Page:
As the largest U.S. companies get set to report earnings, investors are torn between two ways of thinking about the technology industry.
Microsoft is set to report after the bell on Tuesday, followed by Tesla on Wednesday and Apple the day after that. Amazon, Meta and Alphabet all report next week. The stocks are each down between 9% and 15% so far this year.
Amid the slump, the bull thesis hasn’t changed much.
The world’s digital transformation is in its early innings and has decades of growth ahead, whether it’s from the transition to electric vehicles, the surge in demand for connected devices or the emergence of the crypto-economy and the metaverse. Cloud computing and artificial intelligence will transform every industry in the coming years, and investments in cybersecurity are required at an unprecedented scale. Tech’s bellwethers are poised to capture huge amounts of consumer and business spending.
The bear camp, meanwhile, has soured on high-growth tech stocks, particularly those that soared during the pandemic. Investors are witnessing inflationary pressures as the economy opens, and they’re awaiting interest rate hikes from the Federal Reserve. Stay-at-home stocks are getting crushed, with Peloton, Zoom and Netflix all taking staggering hits in recent months.
“We view this as the most important earnings season for the tech space in potentially the last decade,” wrote Wedbush Securities analyst Dan Ives in a note to clients. “The Street now needs to hear good news at a ‘white knuckle time’ from tech bellwethers.”
In the first three weeks of the new year, investors have turned their back on tech stocks. The Nasdaq dropped 7.6% last week, its steepest one-week decline since 2020. It’s off 12% so far in 2022, the index’s worst start through the first 15 trading days since 2008.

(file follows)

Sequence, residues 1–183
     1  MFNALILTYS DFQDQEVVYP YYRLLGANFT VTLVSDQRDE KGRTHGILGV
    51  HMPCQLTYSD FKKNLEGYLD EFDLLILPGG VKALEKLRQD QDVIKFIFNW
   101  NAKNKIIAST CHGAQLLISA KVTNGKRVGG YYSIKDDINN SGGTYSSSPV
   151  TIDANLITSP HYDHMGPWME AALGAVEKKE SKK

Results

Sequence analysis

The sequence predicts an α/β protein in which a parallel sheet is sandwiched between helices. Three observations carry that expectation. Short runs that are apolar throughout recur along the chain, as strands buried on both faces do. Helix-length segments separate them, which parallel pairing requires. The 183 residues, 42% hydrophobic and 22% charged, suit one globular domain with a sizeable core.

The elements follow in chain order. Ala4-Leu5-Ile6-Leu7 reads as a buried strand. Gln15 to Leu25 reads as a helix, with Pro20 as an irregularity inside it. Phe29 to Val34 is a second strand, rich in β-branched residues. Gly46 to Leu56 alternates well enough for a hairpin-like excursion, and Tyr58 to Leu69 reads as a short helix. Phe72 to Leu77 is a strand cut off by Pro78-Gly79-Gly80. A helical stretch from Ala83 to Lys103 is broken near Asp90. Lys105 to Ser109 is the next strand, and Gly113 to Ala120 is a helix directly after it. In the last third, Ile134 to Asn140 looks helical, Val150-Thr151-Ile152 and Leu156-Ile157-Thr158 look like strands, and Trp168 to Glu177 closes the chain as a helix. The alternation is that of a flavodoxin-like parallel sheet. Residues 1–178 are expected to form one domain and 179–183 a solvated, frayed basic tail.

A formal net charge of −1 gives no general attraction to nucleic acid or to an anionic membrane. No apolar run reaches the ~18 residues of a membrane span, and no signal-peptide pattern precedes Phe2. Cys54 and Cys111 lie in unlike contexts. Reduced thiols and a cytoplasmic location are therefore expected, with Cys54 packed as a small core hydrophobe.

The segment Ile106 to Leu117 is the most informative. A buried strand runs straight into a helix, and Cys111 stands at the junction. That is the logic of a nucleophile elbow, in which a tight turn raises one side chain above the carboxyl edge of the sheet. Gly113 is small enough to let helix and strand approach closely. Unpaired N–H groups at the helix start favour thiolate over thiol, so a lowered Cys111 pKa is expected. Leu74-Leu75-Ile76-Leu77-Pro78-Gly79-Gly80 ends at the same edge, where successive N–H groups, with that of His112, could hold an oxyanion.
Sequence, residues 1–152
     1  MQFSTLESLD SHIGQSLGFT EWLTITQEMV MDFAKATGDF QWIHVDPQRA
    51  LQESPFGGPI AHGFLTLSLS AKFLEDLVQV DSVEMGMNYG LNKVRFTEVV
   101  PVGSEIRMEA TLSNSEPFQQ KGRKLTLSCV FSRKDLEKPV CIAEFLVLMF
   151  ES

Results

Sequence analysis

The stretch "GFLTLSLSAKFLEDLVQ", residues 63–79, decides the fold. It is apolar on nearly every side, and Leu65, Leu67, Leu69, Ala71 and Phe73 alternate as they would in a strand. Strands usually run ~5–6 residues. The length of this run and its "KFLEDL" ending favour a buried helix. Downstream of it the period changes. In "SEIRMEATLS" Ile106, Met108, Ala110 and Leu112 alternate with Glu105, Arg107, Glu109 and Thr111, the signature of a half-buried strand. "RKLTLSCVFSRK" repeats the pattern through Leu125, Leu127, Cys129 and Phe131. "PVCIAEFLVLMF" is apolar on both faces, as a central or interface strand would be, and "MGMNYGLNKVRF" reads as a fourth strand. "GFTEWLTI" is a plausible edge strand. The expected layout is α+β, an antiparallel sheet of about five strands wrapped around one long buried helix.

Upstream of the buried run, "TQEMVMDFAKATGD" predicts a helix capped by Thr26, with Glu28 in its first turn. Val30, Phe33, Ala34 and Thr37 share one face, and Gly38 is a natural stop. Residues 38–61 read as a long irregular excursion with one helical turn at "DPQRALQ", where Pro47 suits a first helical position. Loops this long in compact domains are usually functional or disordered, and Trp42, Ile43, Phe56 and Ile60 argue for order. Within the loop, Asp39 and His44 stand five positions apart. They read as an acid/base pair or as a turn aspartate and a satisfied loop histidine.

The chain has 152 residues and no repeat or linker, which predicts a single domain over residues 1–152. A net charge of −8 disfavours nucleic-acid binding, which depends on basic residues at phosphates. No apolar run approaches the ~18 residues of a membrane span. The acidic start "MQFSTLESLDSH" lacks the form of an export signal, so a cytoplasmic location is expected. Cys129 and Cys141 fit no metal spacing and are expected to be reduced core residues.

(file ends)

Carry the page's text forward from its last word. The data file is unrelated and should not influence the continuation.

The expectation of rising interest rates has sent investors fleeing from growth and toward less risky areas, said Lo Toney, managing partner for investment firm Plexo Capital.
“We have the multi-sector investors who are moving out of tech, because with a rising interest rate environment, they typically move over to other sectors that benefit from rising interest rates — financials, insurance,” Toney said on CNBC. “What we see is that high interest rate environments really punish the growth stocks, the tech stocks in particular.”
Microsoft CEO Satya Nadella listen to an audience member question during the company’s annual shareholder meeting in Bellevue, Wash., on November 30, 2016.
Stephen Brashear | Getty Images News | Getty Images
The tech companies most at risk are those that have been trading on revenue growth rather than profitability, Toney said.
Strong earnings performances from the biggest names in tech, such as Microsoft and Apple, will support the thesis that the premier names can continue to perform regardless of economic conditions. Not only are their products more resistant to inflationary, and potentially recessionary, pressures, but the stock multiples are also at reasonable levels on a historical basis.
Unprofitable companies that have traded on hype and the promise of future profits are in a very different position, Toney said.
“When we think about how investors value growth stocks, they’re looking out into the future and discounting back,” said Toney. “So when a rising interest rate environment happens, there’s a higher cost of capital, therefore compressing some of those margins that they’re valued on.”
The selloff in the sector has been broad, setting up a potential buying opportunity for investors who can use the drop to scoop up quality companies — but only if their earnings give them reason for hope, wrote Wedbush’s Ives.
“The underlying growth drivers of the tech space today are unmatched to anything we have seen since the mid-1990s and not being priced into stocks at these oversold levels,” wrote Ives.